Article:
Are you here to learn how to cross stitch? Great! This cross stitch tutorial will cover all the basics.
If this is your first try, I would suggest you use 14 count Aida cloth .
The design is counted from a chart, not marked on the fabric in any way. Each square on the chart corresponds to a "woven square" of fabric, with a hole in each corner.
Each thread colour is represented by a different symbol on the chart. For example black may be shown as a solid square, whereas red may be a heart shaped symbol.
Floss manufacturers use a numbering system so you can easily tell colors apart.
Starting your stitching in the centre ensures that the design will fit on the fabric. Most charts have the centre marked, either with arrows or a coloured line. Fold the fabric in half both ways, and crease it gently, to mark the centre. You can then put the fabric into an embroidery hoop to keep it taut.
We will use a tapestry needle for cross stitch as it is blunt and will not pierce the fabric threads (or your finger).
If you are stitching on Aida 14, most charts will specify using 2 strands of embroidery floss.
Check this video for an easy way to separate the strands from the 6 stranded cotton. Before you pop back here by clicking on the "BACK" button in your browser, check further down that page to find a simple method of starting your thread with the "loop method".
The photo shows what is known as the continental method, this is a good way to learn how to cross stitch.
Welcome back to your learn how to cross stitch lesson.
Look at your chart and find the symbol nearest to the centre. On this sample chart the centre would be the top left of the owls beak.
This has the number 2 as its symbol. We will use yellow, as shown in the key below. The number 444 relates to the DMC colour number.
Start by working two cross stitches for the top row of his beak. We then work our way down the design using up the thread colour in our needle, so next we would cross stitch the row of three yellow stitches underneath. The next row needs 2 again and then a single stitch finishes his beak.
Ah, well actually it doesn't! Did you spot the lone cross stitch the other side of the flower stem (the straight line symbols)?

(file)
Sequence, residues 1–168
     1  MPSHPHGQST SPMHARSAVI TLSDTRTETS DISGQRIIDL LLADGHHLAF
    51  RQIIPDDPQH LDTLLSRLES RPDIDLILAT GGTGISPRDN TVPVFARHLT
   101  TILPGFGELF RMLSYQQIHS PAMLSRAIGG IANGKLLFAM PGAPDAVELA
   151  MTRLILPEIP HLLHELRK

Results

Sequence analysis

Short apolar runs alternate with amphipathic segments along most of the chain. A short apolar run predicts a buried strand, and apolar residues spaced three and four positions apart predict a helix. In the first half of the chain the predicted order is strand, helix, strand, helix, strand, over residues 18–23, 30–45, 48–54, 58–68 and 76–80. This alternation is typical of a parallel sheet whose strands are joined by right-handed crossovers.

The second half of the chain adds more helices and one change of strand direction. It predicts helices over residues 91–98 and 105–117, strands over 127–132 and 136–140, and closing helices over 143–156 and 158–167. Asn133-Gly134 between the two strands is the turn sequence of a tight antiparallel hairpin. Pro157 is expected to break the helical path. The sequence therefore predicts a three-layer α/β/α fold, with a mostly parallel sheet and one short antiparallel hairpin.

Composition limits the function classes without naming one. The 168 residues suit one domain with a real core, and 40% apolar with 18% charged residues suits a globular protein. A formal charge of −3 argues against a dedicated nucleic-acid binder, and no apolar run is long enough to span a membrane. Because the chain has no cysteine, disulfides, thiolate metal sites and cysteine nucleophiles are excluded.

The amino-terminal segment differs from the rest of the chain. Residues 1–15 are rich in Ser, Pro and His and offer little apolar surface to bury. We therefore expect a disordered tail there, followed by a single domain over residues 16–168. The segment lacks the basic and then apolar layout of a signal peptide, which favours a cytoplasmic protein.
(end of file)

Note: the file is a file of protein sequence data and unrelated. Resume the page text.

I would stitch this at the same time I worked the row of three crosses. Just miss one hole and place the last yellow stitch where it needs to be. Carrying the thread across the back of one to four stitches is fine, but try to avoid trailing it long distances. It is often better to fasten off and start again if there is a big gap.
Once the beak is complete you need to choose another symbol (colour) and work a block of that. On this design I would pick the empty circle symbol, or light tan colour, and stitch the area underneath and to the left of your owl's beak. As there are many stitches to work in this colour on the other side of the flower stem I would leave them for a separate piece of thread.
The finishing step in your learn how to cross stitch lesson is to outline it with backstitch. Not all designs have backstitch but many do. Normally if you have used 2 strands of thread (floss) for the cross stitch, you will use just 1 strand for the backstitch.
This is where I tend to cheat a little, as I don't like leaving all the backstitch until last. Once the stitches are worked on both sides of a line that will be outlined I tend to get that backstitching in place. Little and often. If I still have plenty of thread left in my needle I will "park" it out of the way for the time being while I complete more of the cross stitch, picking it up again when needed.
This little owl, along with many others, is available to download as an ebook. I hope you have enjoyed learning how to cross stitch.
Jan 02, 17 01:06 PM
Arlington Court's needlework collection is extensive. Enjoy these photos of my favorite pieces on display.
Dec 05, 16 10:06 AM
I like spring hoops because of the tension. I always put the hoop on a flat surface place the front of the fabric facing me because after I place the
Nov 11, 16 12:46 PM
Wallington Northumberland offers a feast for the eyes of any avid needleworker. Come for a virtual tour with me.